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Tag Archives: geeky

Last week, I turned on my XBOX360 for the first time in oh probably almost 2 years. I’m not sure why it’s even connected to my TV; I should just archive it because it (and the game boxes) take up a lot of space. Anyways, the reason I turned it on wasn’t even to play games, it was to run media center so I could access the shared media on my computer!

So my XBOX360 is pretty much useless to me.

But in better news, I don’t need it to be my media extender anymore, because I just moved my old computer into the living room as a HTPC. It’s kind of noisy, and doesn’t have HDMI out (my TV has VGA-in), lags on 1080p content (more or less depending on the encoding format) but it works and it’s cheap! I was only able to free up about 150GB on its 250GB HD for media, so I’m still sharing/streaming a lot from my desktop.

This was also a good excuse to put my air mouse to work – I bought that awhile ago but had no reason to use it. This also ended up solving my living room issue as I no longer need to use my Chinese tablet. Although I can’t surf and watch TV at the same time, it’s not actually as big of a problem as it could be since I don’t really watch TV anymore.

My current desktop computer (with upgrades) was purchased to replace my previous desktop computer which had been chugging along for 7 years ago. It has now been chugging along for almost 6 years itself, which means it sounds like I should get a new desktop in the next year. Rather than wait, I pre-emptively bought a new desktop now.

I’ve been having a couple of issues with my current desktop – although I think they stem from the same root cause. Almost ever since I bought this computer, the front USB ports had a problem. They would occasionally short when plugging in something and cause my other USB devices (even those plugged in the back) to freeze (basically I have to reboot since neither my mouse nor keyboard would work anymore). I couldn’t just simply reboot though, I had to disconnect the power cord and wait 10s (for some capacitor to dissipate probably). Recently, when the front USB port doesn’t short, it occasionally corrupts the data being transferred (such as photos from my camera). I’ve resorted to copying photos from SD onto my laptop, and then transferring over network to my desktop – that’s a pain. Finally, I’ve been getting BSODs every once in awhile (although that could just be because I’m using my computer more).

So I jumped a year and bought a new computer now when Dell was having a sale. Here are the primary specs:

  • Intel Haswell i7-4770 (8M Cache, up to 3.9Ghz)
  • 24GB RAM (DDR3 1600Mhz)
  • NVIDIA GeForce GTX 650 Ti 1GB GDDR5
  • 2TB 7200RPM + 256GB SSD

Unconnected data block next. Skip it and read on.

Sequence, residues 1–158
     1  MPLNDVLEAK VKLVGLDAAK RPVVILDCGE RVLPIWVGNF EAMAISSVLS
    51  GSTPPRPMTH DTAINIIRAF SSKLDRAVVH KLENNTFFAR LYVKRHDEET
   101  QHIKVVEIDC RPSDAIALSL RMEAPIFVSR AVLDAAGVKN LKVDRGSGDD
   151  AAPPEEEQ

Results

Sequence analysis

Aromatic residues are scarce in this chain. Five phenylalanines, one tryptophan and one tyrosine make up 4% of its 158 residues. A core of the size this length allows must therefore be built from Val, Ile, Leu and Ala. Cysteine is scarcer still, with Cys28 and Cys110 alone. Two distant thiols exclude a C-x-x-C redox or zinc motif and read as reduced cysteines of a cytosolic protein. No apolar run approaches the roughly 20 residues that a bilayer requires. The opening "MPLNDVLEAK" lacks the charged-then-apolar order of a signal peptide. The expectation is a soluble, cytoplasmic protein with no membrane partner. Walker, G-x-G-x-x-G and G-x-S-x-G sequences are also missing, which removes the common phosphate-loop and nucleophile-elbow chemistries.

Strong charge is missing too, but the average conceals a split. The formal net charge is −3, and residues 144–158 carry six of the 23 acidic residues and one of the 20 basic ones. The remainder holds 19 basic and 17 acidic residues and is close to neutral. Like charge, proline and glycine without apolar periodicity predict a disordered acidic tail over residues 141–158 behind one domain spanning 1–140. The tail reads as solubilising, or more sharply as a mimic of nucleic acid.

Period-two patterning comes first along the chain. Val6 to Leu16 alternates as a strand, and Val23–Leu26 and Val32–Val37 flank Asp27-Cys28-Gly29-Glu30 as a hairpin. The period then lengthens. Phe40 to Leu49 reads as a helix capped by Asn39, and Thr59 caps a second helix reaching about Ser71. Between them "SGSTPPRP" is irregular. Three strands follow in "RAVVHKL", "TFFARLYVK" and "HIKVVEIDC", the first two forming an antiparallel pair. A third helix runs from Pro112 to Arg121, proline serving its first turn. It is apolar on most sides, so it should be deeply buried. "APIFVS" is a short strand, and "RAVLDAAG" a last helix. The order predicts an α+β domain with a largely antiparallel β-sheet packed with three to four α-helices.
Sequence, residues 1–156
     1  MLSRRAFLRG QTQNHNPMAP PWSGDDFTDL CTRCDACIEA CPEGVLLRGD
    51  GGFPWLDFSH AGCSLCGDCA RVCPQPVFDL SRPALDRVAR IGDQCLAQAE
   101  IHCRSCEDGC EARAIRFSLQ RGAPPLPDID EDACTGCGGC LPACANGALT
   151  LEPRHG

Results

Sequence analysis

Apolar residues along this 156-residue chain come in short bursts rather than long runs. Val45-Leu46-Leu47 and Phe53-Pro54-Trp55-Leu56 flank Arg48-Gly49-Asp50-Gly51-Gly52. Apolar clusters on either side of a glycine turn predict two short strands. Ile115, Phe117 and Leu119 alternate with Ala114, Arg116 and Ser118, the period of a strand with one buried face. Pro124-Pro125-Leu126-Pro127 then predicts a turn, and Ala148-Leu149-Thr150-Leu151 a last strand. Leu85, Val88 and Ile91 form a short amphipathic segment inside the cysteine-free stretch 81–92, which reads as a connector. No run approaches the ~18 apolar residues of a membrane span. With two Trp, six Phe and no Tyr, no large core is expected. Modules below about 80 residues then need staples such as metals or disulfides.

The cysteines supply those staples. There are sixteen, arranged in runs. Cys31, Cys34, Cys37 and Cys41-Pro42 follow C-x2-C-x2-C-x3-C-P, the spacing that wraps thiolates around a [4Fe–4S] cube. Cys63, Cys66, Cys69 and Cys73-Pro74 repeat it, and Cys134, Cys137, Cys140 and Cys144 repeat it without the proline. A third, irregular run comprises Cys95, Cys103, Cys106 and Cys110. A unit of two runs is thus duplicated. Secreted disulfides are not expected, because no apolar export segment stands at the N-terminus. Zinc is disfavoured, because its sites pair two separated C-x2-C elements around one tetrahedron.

• Blue-ray combo drive (writes CD/DVD)
  • Win8 Professional

This came out to $1799.99 – $450 in discounts, which is a shade over $1500 after tax. There were actually a couple of promotions on at the same time. Prior to this promotion, I was looking at two bundles at $1599 and $1499. The $1499 bundle was the same as the above, except only had 16GB of RAM (I don’t think the extra 8GB will be of any benefit). The $1599 one was a student offer, which included a 24″ monitor and a $100 e-coupon on top of the $1499 bundle. If I didn’t find any other sales, I would have probably gotten the $1599 package; but I didn’t really need another 24″ monitor. With this package, I saved another $100 (there was a $50 coupon that would have applied anywhere).

This year, I had the July 4th long weekend as a holiday instead of Canada Day, so we decided to go somewhere where Canadians wouldn’t be – cross border shopping. We went on the Thursday and Friday (when Canadians would be working) and if that wasn’t enough disincentive, the USD dollar was at a two-year high compared to Canadian (up to almost $1.06). This was also our third year in a row making the trip down there (2010, 2011, also in 2007).

We only stayed one night (in Erie), but because the exemptions had been increased in the past year (up to $200 for an overnight trip) and we had 3 people, we had plenty of room to shop. Unfortunately, I forgot to bring a phone charger with us so we were only able to charge our phones with a car charger while we were driving. That made for some interesting battery stats! I kept my phone in airplane mode while I was sleeping (who was going to call my US number anyways). Here’s what my phone tracked:

You can really tell when my phone is in airplane mode, it hardly lost any battery – only 2% overnight. The real battery drain is when the phone is connected to the network, either just being on the network or all the background sync that is happening.